NARCAN WITHOUT A PRESCRIPTION
Who can request Narcan from Community First Pharmacy without a prescription?
- An individual who is experiencing an opioid-related overdose
- A family member, friend or other person in a position to assist someone who is at risk of experiencing an opioid-related overdose
- A police officer as defined by Ohio state law
Source: Ashley Hoehn, pharmacy manager, Community First Pharmacy
A non-profit Hamilton pharmacy has become one of only 23 pharmacies in Ohio approved to dispense Narcan, the drug that reverses the effects of heroin and opiate-related overdoses, without a prescription.
Officials with Community First Pharmacy, a subsidiary of Community First Solutions, said they have been given the green light by the Ohio Pharmacy Board for the physician-approved protocol for dispensing Narcan, also known as Naloxone. While the drug is currently available at several pharmacies with a prescription, including some area Walgreen’s, Community First Pharmacy would be the only one in Butler County authorized to provide it over the counter without one.
The scourge of heroin and opiate overdoses in the county over the past year set a record, as 2015 saw more than 130 total drug overdoses, with the county coroner’s office attributing 107 of those as heroin-related.
Overall, more than 13,000 Ohioans have lost their lives to drug overdoses since 1999 at an average rate of five people a day, and the leading cause of most overdose deaths are opiates, such as heroin and prescription painkillers, according to the Ohio Department of Health.
Ashley Hoehn, pharmacy manager at Community First Pharmacy, has been in her job for three years. She said she began to take notice of the problem and wanted to find a way to help curb the overdose deaths.
“In Hamilton there has been a huge heroin epidemic along with abuse of pain medications recently,” Hoehn said. “We started working with the Butler County Mental Health and Addiction Recovery Services Board, and we wanted to provide an outreach to the community and give them the access to Narcan to help prevent death by overdose.”
The partnership proved to be a fruitful one, as Hoehn put in the legwork with the State of Ohio Board of Pharmacy so Community First could get the OK to dispense Narcan without a prescription.
“Narcan reverses the effects of the drug being used and brings a person back out of an overdose state to save their life,” Hoehn said. “This type of drug is not a danger to society, but without Narcan, a person who needs it might not see another day. The Ohio Board of Pharmacy has a website that is helpful in guiding you through how to get approval.”
Some critics, however, have claimed that wider access to Narcan could promote drug use by giving users a sense of security in case of an overdose.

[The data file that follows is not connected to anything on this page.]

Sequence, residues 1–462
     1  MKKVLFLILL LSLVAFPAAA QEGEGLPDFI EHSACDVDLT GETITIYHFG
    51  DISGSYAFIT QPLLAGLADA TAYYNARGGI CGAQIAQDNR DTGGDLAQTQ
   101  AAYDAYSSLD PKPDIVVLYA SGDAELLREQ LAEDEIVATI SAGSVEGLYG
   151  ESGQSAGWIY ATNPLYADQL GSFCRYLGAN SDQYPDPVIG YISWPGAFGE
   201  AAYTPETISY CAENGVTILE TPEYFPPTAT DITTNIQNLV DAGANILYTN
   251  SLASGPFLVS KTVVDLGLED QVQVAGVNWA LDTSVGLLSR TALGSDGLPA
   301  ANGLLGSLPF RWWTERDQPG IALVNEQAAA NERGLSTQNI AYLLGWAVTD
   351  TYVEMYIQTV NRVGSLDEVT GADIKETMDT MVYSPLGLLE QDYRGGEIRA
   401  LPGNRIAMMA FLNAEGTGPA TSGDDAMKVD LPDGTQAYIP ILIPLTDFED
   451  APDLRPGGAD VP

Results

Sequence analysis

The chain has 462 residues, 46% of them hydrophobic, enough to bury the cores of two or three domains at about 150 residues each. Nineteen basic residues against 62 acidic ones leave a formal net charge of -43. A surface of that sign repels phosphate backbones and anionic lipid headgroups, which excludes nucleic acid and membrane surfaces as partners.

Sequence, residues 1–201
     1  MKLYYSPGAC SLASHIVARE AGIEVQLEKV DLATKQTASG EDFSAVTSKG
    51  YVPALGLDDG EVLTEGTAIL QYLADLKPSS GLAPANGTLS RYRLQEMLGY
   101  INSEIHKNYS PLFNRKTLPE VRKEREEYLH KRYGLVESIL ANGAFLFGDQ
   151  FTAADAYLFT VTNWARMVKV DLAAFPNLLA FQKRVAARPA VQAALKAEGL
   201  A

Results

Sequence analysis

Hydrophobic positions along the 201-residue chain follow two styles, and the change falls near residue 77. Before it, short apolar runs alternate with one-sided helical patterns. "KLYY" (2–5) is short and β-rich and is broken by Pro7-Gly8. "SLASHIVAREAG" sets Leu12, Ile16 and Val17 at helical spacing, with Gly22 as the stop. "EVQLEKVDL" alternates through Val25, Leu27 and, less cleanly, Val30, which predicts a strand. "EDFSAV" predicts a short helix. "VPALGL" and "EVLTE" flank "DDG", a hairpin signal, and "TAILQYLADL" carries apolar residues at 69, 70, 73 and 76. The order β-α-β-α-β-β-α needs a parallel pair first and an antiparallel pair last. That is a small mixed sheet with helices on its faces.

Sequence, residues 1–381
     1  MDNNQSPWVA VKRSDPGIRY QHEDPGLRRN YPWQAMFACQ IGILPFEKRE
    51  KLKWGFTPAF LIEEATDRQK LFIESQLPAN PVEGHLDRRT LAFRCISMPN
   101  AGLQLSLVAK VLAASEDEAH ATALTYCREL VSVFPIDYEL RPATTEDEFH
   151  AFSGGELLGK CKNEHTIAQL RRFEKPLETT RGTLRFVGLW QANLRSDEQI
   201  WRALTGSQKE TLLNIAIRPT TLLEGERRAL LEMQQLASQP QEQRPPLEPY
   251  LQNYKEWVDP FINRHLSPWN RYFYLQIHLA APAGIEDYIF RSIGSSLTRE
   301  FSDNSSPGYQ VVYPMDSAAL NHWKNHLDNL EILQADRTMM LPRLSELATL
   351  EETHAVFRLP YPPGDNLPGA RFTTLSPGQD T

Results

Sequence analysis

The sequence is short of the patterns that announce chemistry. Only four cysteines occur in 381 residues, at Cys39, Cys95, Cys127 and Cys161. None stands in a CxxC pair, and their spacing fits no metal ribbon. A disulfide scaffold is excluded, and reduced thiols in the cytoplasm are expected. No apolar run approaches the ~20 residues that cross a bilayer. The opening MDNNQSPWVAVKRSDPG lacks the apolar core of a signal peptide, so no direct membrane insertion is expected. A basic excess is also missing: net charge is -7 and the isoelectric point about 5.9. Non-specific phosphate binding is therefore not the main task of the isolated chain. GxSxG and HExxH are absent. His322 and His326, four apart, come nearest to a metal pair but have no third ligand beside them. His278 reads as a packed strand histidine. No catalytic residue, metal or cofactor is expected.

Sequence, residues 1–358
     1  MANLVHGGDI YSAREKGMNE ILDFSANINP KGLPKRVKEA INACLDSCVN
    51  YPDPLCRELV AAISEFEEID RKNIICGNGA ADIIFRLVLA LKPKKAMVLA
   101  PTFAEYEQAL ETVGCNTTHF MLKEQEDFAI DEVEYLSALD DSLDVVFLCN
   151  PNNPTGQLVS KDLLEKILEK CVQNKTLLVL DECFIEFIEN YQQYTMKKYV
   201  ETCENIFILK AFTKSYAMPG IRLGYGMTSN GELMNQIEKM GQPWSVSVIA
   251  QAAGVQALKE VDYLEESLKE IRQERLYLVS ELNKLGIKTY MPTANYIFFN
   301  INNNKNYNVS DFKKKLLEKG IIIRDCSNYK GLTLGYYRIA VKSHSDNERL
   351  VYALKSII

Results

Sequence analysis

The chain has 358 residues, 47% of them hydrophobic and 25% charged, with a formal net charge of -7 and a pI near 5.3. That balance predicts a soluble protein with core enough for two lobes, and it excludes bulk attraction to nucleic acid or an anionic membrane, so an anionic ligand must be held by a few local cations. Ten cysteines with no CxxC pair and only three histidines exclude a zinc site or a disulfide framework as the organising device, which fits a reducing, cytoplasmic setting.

Laura Sheehan, vice-president of Behavioral Health at Community First Solutions, said the program should be a positive tool to help save lives, and she is happy to see Butler County get one up and running.
“Like many in our community, we are extremely concerned about the opiate overdose. This partnership with Community First Pharmacy and the Butler County Mental Health and Addiction Recovery Services Board allows us to help break down some of the barriers that exist in receiving care,” she said.
Julie Payton of the Recovery Services Board and Sheehan both hope that the treatment for an overdose actually leads to a more comprehensive evaluation of the person suffering from an addiction.
“My hope is that this allows us be able to provide more access to the immediate care needed, but will also bring more awareness to the services that are available at Community Behavioral Health to help individuals and their families overcome addiction,” Sheehan said.
Dr. Kenneth Tepe, prescribing psychiatrist at Community Behavioral Health, also helped Butler County get approval for the Narcan program, as he gave the pharmacy permission to dispense the drug, which was the last hurdle to clear.
Medicaid and some other insurance plans will pick up the cost for the Narcan. Hoehn, displayed a packet containing all of the tools needed to use the drug. One option is to dispense it nasally and that requires a device called a nasal atomizer that Medicaid and some insurance plans don’t cover — it can cost $7 to $8 dollars out-of-pocket.
But the Butler County Mental Health and Addiction Recovery Services Board has provided $5,000 in funding to support the program and cover costs associated with administering the drug.
Hoehn said one of the important aspects about the program is that individuals receive training on how to administer Narcan.
CVS has expanded nonprescription access to Narcan at pharmacies in 12 states, not including Ohio. Michael DeAngelis, CVS spokesman, said Naloxone is not stocked in Ohio stores but can be ordered for a customer with a prescription for availability typically the next day.
Staff writer Lauren Pack contributed to this report.